Johann Carl Friedrich Gauss was a German mathematician and physical scientist par excellence who made his invaluable contributions in several fields such as statistics, differential geometry, astronomy, number theory, electrostatics, analysis, geophysics and optics. He is also titled as ‘the Princeps mathematicorum’, meaning ‘the Prince of Mathematicians’ or ‘the foremost of mathematicians’ and ‘greatest mathematician since antiquity’ in Latin. Though Gauss did not enjoy teaching, some of his students were very influenced by him such as Bernhard Riemann, Richard Dedekind and Friedrich Bessel who themselves became great mathematicians in their lives. Gauss attended only a single scientific conference in Berlin in 1828. He never wrote regularly or in abundance and refused to publish his incomplete works. It is believed that Gauss supported monarchy and was against the revolutionary Napoleon. According to Dunnington, Gauss was religious and believed in the concept of search for truth.

**Childhood And Early Life**

**Early Years And Career**

**Later Years**

**Personal Life**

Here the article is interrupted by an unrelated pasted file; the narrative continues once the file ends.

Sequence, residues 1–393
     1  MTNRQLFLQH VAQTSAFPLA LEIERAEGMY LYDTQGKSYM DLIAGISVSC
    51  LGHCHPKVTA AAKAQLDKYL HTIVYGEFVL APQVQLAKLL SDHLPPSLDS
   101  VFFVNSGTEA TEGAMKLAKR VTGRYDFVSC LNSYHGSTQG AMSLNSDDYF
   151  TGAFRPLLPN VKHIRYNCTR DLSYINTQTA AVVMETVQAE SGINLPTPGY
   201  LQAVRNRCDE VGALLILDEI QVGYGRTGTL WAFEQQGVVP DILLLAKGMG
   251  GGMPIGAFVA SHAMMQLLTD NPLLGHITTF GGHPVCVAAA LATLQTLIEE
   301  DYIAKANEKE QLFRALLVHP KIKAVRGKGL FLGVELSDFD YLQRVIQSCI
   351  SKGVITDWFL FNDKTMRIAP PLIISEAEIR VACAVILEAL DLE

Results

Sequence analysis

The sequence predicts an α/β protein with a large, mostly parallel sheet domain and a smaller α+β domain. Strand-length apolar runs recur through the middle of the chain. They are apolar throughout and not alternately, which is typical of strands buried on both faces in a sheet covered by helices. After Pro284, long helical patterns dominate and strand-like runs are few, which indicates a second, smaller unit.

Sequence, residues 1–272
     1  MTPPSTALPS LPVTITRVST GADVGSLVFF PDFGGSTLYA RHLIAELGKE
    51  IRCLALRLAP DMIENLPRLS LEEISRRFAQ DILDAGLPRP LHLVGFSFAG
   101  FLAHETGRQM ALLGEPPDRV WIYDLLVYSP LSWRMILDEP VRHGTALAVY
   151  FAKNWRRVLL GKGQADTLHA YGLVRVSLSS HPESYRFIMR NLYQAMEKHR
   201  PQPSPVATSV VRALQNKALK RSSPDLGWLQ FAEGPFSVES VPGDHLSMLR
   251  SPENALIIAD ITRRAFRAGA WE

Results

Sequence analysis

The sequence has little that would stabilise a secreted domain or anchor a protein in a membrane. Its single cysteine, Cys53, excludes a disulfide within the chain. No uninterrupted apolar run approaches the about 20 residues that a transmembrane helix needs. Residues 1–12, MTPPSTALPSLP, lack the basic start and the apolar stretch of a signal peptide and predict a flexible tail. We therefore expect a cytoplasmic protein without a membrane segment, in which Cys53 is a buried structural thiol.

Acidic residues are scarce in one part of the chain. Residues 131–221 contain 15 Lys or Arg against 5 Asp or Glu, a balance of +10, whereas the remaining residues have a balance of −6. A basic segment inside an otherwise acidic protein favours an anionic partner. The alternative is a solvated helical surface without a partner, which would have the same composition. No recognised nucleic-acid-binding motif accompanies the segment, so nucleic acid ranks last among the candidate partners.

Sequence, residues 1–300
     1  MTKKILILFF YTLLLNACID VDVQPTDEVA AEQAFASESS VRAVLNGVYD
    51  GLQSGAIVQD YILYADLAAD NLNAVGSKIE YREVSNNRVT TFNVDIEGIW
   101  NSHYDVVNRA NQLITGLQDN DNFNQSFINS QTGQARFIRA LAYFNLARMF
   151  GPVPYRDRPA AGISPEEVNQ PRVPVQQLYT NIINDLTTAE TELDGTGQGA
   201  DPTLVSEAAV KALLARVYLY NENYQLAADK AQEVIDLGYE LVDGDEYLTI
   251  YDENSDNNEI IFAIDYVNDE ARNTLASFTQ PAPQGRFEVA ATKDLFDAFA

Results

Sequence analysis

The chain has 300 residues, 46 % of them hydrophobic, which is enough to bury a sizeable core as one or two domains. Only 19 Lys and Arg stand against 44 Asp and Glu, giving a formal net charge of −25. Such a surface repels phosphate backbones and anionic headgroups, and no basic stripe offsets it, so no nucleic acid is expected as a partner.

**Death And Legacy**

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CARL F. GAUSS TIMELINE

Born on 30 April in Braunschweig, in the duchy of Braunschweig Wolfenbüttel, now part of Lower Saxony, Germany.

Proved that any regular polygon with a number of sides which is a Fermat prime can be constructed by straightedge and compass. He also discovered a construction of the heptadecagon on 30 March and the quadratic reciprocity law on 8 April.

At the age of 21, he finished ‘DisquisitionesArithmeticae’, his magnum opus.

Proved the fundamental theorem of algebra.

His Disquisitiones Arithmeticae was published, making significant contributions to number theory.

Appointed as the Professor of Astronomy and Director of the astronomical observatory in Göttingen.

His theory of ‘motion of the celestial bodies moving in conic sections around the sun’ got published. His first wife, Johanna Osthoff expired.

Invented the heliotrope, an instrument that uses a mirror to reflect sunlight over great distances, to measure positions.

He was made a foreign member of the Royal Swedish Academy of Sciences.

He proved an important theorem, the Theorema Egregium, establishing an important property of the notion of curvature.

He developed a productive association with the physics professor Wilhelm Weber, leading to new knowledge in magnetism and the discovery of Kirchhoff's circuit laws in electricity. His second wife expired after a long illness.

Gauss and Weber invented the first electromechanical telegraph

Gauss published his significant Dioptrische Untersuchungen.

-1855

Pictures of Carl F. Gauss